A good Walter Scott novel, loosely based on real facts. Jeanie Deans, the main character, can be considered (as C.S.Lewis remarked) one of the "perfect women" in literature. The novel slacks its pace between chapters 39 and 49, but rushes forth to a surprising ending in the last three chapters.

    My favorite Scott. There's a very powerful scene where the girl drags herself across an outer landscape that is a complete mirror of her inner state: the entire book is more than worth it for that one scene.

    I thought I would read this famous book as a sort of duty - like I shall one day read Ulysses. Other reviewers will be able to explain why, but I just found it an utter delight. Basically a road movie? but with tremendously vivid portrayals of the whole of Britain in the 18th Century, locks of macabre detail, great Gothic set pieces and an immensely sympathetic central figure. I think I learned that Scott is nothing like I thought he would be like. I dreaded the proclaimed "long introduction" bu [...]

    Bettie's Books

    Czarny Pies
    I am giving The Heart of the Mid-Lothian only three stars because it disappointed me. I read it because it has been considered by many as the great masterpiece of the most influential British Writer of the nineteenth century, Sir Walter Scott. I found it ultimately to be a mediocre novel despite its many stellar qualities.However much we admire George Eliot and Jane Austen today, they had little impact on English literature in their time and absolutely none outside of the British Isles. Sir Walt [...]

    Greg Deane
    Sir Walter Scott’s “The Heart of Midlothian” was in July 1818, as one of the Waverley novels. The novel's heroine is Jeanie Deans, sister of a filicide, Effie Deans. The plot was based on the story of another maternal filicide, whose sister, Helen Walker, had walked from Edinburgh to London to plead for a royal pardon. It is set in 1736, during the reign of George II. The matter was of wide interest at a time when many young woman would suffer ostracism for bearing children out of marriage [...]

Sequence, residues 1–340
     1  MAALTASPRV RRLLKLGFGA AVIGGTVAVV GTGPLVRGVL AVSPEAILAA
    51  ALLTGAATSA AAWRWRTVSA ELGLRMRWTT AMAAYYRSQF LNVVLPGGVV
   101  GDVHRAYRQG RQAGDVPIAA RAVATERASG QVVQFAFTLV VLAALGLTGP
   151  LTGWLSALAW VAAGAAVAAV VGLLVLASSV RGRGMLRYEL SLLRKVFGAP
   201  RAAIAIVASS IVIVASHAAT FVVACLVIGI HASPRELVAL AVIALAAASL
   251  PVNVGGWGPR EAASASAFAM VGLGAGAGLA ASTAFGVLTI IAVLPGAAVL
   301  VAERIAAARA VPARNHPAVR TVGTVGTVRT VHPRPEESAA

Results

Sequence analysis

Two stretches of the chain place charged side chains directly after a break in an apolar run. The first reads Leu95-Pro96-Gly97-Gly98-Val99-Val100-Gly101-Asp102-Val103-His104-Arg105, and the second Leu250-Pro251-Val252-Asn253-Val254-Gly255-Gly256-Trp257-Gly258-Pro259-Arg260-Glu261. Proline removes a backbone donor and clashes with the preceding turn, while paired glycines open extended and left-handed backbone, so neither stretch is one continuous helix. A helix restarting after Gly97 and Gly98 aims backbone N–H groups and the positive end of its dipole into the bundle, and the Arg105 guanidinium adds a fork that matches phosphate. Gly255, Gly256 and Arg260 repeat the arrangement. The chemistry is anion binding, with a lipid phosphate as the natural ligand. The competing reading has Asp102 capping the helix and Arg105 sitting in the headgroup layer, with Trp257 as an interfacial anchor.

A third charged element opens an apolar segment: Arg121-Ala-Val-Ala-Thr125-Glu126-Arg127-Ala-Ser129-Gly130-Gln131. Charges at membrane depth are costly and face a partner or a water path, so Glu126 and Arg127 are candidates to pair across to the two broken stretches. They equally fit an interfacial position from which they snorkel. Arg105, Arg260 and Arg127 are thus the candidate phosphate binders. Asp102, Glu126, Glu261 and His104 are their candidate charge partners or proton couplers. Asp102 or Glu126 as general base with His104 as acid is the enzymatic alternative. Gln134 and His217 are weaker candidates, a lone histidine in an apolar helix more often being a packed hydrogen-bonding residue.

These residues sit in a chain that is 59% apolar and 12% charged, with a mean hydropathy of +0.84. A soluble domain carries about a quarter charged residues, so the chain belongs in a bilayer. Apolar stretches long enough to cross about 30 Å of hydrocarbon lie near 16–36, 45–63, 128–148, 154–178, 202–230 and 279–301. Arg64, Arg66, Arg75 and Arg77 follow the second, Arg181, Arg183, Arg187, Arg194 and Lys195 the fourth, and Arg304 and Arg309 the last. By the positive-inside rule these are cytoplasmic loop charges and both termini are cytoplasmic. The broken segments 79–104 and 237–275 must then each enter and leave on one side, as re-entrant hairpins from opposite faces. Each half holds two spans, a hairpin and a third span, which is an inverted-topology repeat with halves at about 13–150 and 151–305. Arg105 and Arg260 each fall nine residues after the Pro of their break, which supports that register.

je suis encore tombée sous le charme de Walter Scott avec ce Cœur du Mid-Lothian qui évoque la prison d’Edimbourg à partir de l’histoire d’Effie et Jeanie Deans. Scott est un formidable conteur avec un style vigoureux qui sait vous tenir en haleine. C’est d’autant plus méritoire que l’héroïne de ce roman, Jeanie, n’est pas particulièrement «glamour», assez quelconque, austère, puritaine. Et pourtant, Scott parvient à la rendre attachante par une sorte de second degré p [...]

    This was a reread. I read it first in my first year at university where it was one of the set books and it was one of the two novels I got rid of as soon as the year was finished. I can see why my seventeen year old self was impatient with the pious Jeannie Deans and her sanctimonious father but my older self is a bit more tolerant and I find their behaviours interesting rather than irritating. This edition has good introductions, appendices and notes and I made use of all of them. From the begi [...]

    bartoline saddletree is a silly name

    As Effie faces execution in prison, Jeanie decides to walk to London to plead for her sister's life. Available at BBC Radio 7.

    Most likely Scott's best work.

    This is the Everyman edition, and does contain the Everyman motto: "Everyman, I will go with thee, and be thy guide, In thy most need be by thy side."As always with classic works, edition matters. The copy I have is marked up by somebody apparently studying the book for a class. The usual warning not to read the prefatory material before reading the book applies. (Wish I'd followed it. This is the first Scott book I've read, and I really didn't need all the comparative stuff.)There is a glossary [...]

    Milena March
    How far would you go to save a sister's life? Would you tell a lie? How much would you sacrifice?The Heart of Midlothian is a simple story which probably could have been several times shorter than it actually was; it essentially centres around a young woman called Jeanie Deans, whose half-sister is accused of child-murder and sentenced to death. Jeanie, unable to lie in a court of law to save her sister's life (a point which didn't quite sit with me, but more on that later), heads down the long [...]

    i liked this a little better than ivanhoe but all the pieces don't quite come together as well as they could have. the intro was totally unnecessary and the final act with black duncan doesn't really mesh well with the rest of the novel, although it does make me want to listen to the classic countess track. after getting through all the dialog, it really makes you appreciate the linguistic argument that lowland scots should be a language separate from english. its hard to believe that a group of [...]

    Helena R-D
    I was meaning to read this one for a long time and it didn't disappoint. It took a bit to get through the dialogue and if I didn't know the context of the religiousness, I would have been utterly annoyed, but it was well done, the whole road movie of Jeanie Deans going to get the pardon for her sister.If I hadn't known this was based on a real life event, I'd have been quite skeptical about the situation, but it worked well.